• However, the actual payout can go up to ₹1.4 lakh crore as the government is likely to also raise a demand for shortfall in SUC along with interest and penalty.
  • Of the total amount, it is estimated that the actual dues is about 25%, while the remaining amount is interest and penalties.

Is there stress in the sector?

  • The telecom industry is reeling under a debt of over ₹4 lakh crore and has been seeking a relief package from the government.
  • Even the government has on various occasions admitted that the sector is indeed undergoing stress and needs support.
  • Giving a ray of hope to the telecom companies, the government recently announced setting up of a Committee of Secretaries to examine the financial stress in the sector, and recommend measures to mitigate it.

Issue of lower tariff

  • Currently, telecom tariffs are among the lowest globally, driven down due to intense competition following the entry of Reliance in the sector.
  • The TRAI examines the merits of a “minimum charge” that operators may charge for voice and data services.

ISRO Missions and Discoveries

NAVIC (Navigation in Indian Constellation)


From UPSC perspective, the following things are important :

Prelims level : NAVIC

Mains level : Utility of NAVIC

  • The ISRO and its older commercial arm Antrix Corporation Ltd. are poised to commercialise India’s regional navigation satellite system, NavIC.
  • Antrix recently floated two separate tenders to identify industries that can develop dedicated NavIC-based hardware and systems.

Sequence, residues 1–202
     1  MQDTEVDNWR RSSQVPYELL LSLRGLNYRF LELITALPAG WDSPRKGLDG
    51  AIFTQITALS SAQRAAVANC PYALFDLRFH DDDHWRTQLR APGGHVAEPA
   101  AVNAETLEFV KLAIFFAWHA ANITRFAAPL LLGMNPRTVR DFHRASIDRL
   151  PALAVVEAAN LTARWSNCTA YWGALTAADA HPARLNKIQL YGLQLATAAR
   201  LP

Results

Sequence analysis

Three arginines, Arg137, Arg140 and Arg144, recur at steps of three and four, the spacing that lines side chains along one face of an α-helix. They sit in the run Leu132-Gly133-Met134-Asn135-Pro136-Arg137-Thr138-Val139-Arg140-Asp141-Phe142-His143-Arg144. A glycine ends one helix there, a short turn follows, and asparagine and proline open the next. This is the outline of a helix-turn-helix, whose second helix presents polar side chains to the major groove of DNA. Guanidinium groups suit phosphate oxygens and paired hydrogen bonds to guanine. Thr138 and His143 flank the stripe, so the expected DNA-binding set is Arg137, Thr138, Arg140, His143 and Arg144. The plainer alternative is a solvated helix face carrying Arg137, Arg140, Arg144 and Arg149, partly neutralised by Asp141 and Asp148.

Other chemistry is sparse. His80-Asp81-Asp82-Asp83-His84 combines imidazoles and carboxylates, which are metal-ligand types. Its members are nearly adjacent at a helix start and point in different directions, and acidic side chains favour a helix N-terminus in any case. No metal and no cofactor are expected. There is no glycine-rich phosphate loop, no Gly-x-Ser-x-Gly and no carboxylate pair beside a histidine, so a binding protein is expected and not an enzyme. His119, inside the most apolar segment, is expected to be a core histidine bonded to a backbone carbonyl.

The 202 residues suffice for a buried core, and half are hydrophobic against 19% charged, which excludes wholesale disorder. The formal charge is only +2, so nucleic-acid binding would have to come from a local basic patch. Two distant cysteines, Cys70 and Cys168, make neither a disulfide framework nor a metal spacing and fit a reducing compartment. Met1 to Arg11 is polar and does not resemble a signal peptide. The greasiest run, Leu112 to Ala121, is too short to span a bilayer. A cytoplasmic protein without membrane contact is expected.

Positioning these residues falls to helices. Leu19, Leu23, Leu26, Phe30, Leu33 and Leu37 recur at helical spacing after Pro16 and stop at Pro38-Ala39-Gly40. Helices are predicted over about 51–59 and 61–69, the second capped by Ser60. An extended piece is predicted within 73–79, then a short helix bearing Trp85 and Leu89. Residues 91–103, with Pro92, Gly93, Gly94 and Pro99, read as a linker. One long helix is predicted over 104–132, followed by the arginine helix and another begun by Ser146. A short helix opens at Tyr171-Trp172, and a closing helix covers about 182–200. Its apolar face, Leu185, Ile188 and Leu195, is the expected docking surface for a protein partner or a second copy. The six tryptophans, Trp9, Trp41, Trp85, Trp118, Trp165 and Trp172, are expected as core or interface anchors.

NavIC (Navigation in Indian Constellation)

  • It is the Indian system of seven satellites that is aimed at telling the business and individual users where they are, or how their products and services are moving.
  • The indigenous positioning or location-based service (LBS) works just like the established and popular U.S. Global Positioning System or GPS but within a 1,500-km radius over the sub-continent.
  • It covers India and a region extending 1,500 km around it, with plans for further extension.
  • NAVIC will provide two levels of service, the standard positioning service“, which will be open for civilian use, and a “restricted service (an encrypted one) for authorised users (including the military).
  • NAVIC is planned to become available for civilian use in the first half of 2020

Early users

  • The early set of commercial NavIC users would be potentially transporters of resources such as mined ore, coal and sand in various States.
  • Several transporters currently use GPS-based systems.

Positive developments

  • Qualcomm Technologies, Inc., a leading producer of semiconductor chips, had developed and tested NavIC-friendly chipsets across its user bases and that it would add NavIC to them.
  • Apart from GPS, its chips can work with the global navigation satellite systems of Europe (Galileo), Russia (GLONASS) and China (Beidou.)
  • ISRO said this support would be available for original equipment manufacturers (OEMs) from November 2019.
  • It expects the indigenous system to ‘enhance’ the use of NavIC on mobile, automotive and Internet of Things (IoT) devices.

3GPP project

  • The important positive for NavIC was the certification of the Indian system by the 3GPP (The 3rd Generation Partnership Project), a global body for coordinating mobile telephony standards.
  • The specifications will be available in March 2020 and the Telecommunications Standards Development Society, India (TSDSI) has said it would adopt them as a national standard.